Posts Tagged: art

From Baukunst to Kunstwelt: The Biennialization of Architecture

There is no doubt that architecture is an art. The eternal question is which kind. Is architecture a building art? A social art? A visual art? A performance art? An urban art? (though that seems to have other connotations these days) All of

From Baukunst to Kunstwelt: The Biennialization of Architecture

There is no doubt that architecture is an art. The eternal question is which kind. Is architecture a building art? A social art? A visual art? A performance art? An urban art? (though that seems to have other connotations these days) All of

Observations on Attitude

[Originally published in Log Journal #32] Visiting “Fair Enough,” the satirical exhibition in the Russian Pavilion, I was reminded of The Boutique at the 1984 Miss General Idea Pavilion, an installation by the Canadian artist collective General Idea in Toronto in

Observations on Attitude

[Originally published in Log Journal #32] Visiting “Fair Enough,” the satirical exhibition in the Russian Pavilion, I was reminded of The Boutique at the 1984 Miss General Idea Pavilion, an installation by the Canadian artist collective General Idea in Toronto in

Seeing Things

Mountain architecture is very different from its flatland counterpart. (I know this may be stating the obvious, but I’m referring to buildings situated at high altitudes in very rugged terrain, and not buildings fashioned to remotely ‘look’ like mountains, such as,

Seeing Things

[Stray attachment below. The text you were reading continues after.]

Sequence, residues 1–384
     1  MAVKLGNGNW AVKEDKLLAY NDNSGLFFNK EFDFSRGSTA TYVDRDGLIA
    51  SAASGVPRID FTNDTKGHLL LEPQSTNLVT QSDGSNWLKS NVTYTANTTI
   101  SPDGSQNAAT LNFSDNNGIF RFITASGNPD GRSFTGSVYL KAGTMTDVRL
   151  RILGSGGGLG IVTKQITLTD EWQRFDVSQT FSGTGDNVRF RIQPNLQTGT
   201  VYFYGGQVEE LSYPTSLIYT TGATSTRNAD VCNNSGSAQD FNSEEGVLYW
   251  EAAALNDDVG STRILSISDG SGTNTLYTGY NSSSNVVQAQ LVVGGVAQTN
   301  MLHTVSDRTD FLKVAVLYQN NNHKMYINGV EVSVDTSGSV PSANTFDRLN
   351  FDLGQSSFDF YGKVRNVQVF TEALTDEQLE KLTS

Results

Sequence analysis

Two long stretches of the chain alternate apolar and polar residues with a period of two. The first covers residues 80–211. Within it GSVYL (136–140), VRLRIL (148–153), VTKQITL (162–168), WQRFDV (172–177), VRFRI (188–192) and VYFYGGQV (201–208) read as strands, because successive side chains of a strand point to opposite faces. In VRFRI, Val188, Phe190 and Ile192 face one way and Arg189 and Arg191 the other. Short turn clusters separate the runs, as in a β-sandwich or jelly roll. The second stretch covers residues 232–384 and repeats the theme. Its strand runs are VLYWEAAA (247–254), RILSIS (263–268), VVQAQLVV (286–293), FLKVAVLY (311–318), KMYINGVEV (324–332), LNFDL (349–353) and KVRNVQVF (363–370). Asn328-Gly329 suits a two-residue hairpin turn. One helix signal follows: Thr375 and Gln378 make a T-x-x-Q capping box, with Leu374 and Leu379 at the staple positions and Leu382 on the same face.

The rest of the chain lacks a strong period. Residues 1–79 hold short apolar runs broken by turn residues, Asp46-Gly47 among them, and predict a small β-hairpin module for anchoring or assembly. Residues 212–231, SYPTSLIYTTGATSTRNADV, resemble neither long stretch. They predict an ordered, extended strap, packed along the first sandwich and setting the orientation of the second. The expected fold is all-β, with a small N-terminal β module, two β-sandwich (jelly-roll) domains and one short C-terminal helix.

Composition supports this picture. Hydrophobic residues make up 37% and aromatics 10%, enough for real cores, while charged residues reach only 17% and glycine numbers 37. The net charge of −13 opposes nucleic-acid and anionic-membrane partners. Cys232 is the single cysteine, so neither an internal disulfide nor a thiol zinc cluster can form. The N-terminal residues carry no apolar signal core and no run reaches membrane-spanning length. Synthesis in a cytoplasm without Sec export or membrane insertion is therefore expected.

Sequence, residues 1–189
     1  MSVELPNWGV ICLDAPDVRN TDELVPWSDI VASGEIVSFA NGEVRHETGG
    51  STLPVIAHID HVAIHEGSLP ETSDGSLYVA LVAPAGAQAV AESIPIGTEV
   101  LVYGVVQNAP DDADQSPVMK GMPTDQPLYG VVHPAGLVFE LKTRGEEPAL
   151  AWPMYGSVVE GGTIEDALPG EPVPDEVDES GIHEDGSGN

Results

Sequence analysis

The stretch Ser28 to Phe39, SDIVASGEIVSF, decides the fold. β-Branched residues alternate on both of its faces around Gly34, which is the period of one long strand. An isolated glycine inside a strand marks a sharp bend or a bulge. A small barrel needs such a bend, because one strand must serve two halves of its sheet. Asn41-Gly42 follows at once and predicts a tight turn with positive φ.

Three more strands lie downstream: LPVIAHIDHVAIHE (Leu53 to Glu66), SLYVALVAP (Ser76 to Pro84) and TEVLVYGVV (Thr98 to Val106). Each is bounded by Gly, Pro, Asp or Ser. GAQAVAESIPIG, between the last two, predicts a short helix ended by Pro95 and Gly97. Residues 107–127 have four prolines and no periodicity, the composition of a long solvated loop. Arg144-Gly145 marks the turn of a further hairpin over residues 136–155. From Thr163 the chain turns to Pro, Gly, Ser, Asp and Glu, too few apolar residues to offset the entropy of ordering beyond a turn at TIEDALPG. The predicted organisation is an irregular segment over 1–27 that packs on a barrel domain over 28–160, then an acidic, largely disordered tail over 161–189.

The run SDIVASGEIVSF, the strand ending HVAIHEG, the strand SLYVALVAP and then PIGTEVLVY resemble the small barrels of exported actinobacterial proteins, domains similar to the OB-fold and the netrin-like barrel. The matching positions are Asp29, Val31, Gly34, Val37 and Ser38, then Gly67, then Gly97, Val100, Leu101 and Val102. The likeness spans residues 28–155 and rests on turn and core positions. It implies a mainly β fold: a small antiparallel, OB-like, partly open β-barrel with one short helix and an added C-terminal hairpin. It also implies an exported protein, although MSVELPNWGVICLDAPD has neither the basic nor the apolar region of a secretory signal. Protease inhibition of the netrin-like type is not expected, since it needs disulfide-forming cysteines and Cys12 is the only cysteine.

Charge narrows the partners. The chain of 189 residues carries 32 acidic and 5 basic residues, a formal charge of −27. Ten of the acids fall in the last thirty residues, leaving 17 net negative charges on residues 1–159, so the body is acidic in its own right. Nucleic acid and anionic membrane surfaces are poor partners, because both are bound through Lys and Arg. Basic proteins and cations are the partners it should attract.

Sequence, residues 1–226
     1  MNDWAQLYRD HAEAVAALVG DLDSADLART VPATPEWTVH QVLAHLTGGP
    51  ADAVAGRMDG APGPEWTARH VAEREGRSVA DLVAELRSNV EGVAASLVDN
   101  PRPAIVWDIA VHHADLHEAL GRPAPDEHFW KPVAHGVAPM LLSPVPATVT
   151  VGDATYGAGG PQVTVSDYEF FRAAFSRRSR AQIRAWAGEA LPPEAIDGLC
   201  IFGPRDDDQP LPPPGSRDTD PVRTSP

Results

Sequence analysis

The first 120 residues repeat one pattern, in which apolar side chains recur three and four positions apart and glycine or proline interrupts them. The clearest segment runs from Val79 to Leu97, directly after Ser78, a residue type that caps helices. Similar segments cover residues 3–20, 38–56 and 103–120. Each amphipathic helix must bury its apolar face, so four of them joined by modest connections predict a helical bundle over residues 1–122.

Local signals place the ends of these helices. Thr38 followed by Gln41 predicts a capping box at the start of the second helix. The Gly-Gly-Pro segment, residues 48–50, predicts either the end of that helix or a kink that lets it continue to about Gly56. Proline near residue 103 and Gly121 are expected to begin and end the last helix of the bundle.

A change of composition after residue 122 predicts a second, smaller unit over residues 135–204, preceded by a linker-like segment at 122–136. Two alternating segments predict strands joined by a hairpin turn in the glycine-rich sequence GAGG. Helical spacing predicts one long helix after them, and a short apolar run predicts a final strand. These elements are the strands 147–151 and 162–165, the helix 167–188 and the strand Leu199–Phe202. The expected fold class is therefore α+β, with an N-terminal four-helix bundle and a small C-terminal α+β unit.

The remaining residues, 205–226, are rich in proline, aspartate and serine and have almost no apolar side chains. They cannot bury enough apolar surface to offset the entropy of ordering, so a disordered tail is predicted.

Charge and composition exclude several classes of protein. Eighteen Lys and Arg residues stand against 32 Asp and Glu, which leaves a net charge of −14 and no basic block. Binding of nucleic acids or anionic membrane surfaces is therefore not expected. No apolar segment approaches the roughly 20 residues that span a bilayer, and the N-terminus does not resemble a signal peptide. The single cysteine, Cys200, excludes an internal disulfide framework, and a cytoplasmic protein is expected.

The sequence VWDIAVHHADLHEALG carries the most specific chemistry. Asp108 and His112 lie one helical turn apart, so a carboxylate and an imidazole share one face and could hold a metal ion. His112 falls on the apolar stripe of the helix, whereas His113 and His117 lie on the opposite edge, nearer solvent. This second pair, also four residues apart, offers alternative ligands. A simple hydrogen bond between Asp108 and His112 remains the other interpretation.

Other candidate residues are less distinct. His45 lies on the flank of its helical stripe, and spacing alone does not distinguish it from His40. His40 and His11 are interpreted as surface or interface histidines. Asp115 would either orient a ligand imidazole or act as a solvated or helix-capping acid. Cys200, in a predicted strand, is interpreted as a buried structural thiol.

Mountain architecture is very different from its flatland counterpart. (I know this may be stating the obvious, but I’m referring to buildings situated at high altitudes in very rugged terrain, and not buildings fashioned to remotely ‘look’ like mountains, such as,

Pure Shit (II)

This building in the Catalan Pyrenees is a perfect example of the kind of “pure shit” that constitutes 98% of everything that is designed and built today. Yet another ordinary masonry construction topped with corrugated fiber cement board panels, the absolute cheapest roofing material on

Pure Shit (II)

This building in the Catalan Pyrenees is a perfect example of the kind of “pure shit” that constitutes 98% of everything that is designed and built today. Yet another ordinary masonry construction topped with corrugated fiber cement board panels, the absolute cheapest roofing material on

Everything is Art

ARCO art fair, Madrid. In September 2012, the fiscally and socially retrograde People’s Party governing Spain raised the value-added tax on most items to 21%, breaking one of its most-repeated election promises and causing damage to a culture industry already battered

Everything is Art

ARCO art fair, Madrid. In September 2012, the fiscally and socially retrograde People’s Party governing Spain raised the value-added tax on most items to 21%, breaking one of its most-repeated election promises and causing damage to a culture industry already battered

Ice Fishing in Gimli, a book project by Rob Kovitz

One of my favorite publishers, Treyf Books, is celebrating its 25th anniversary. To mark the occasion, Treyf is offering, for the first time, Ice Fishing in Gimli, a book project by my good friend Rob Kovitz, as a downloadable PDF that can be purchased online. Weighing

Ice Fishing in Gimli, a book project by Rob Kovitz

One of my favorite publishers, Treyf Books, is celebrating its 25th anniversary. To mark the occasion, Treyf is offering, for the first time, Ice Fishing in Gimli, a book project by my good friend Rob Kovitz, as a downloadable PDF that can be purchased online. Weighing

Provocative Architecture?

In “Little Frank and his Carp”, a 2001 video of a performance by artist Andrea Fraser, architecture, replete with its institutional frame, becomes a stimulus for masturbation. Is this architecture at its most provocative? No, unless this was part of

Provocative Architecture?

In “Little Frank and his Carp”, a 2001 video of a performance by artist Andrea Fraser, architecture, replete with its institutional frame, becomes a stimulus for masturbation. Is this architecture at its most provocative? No, unless this was part of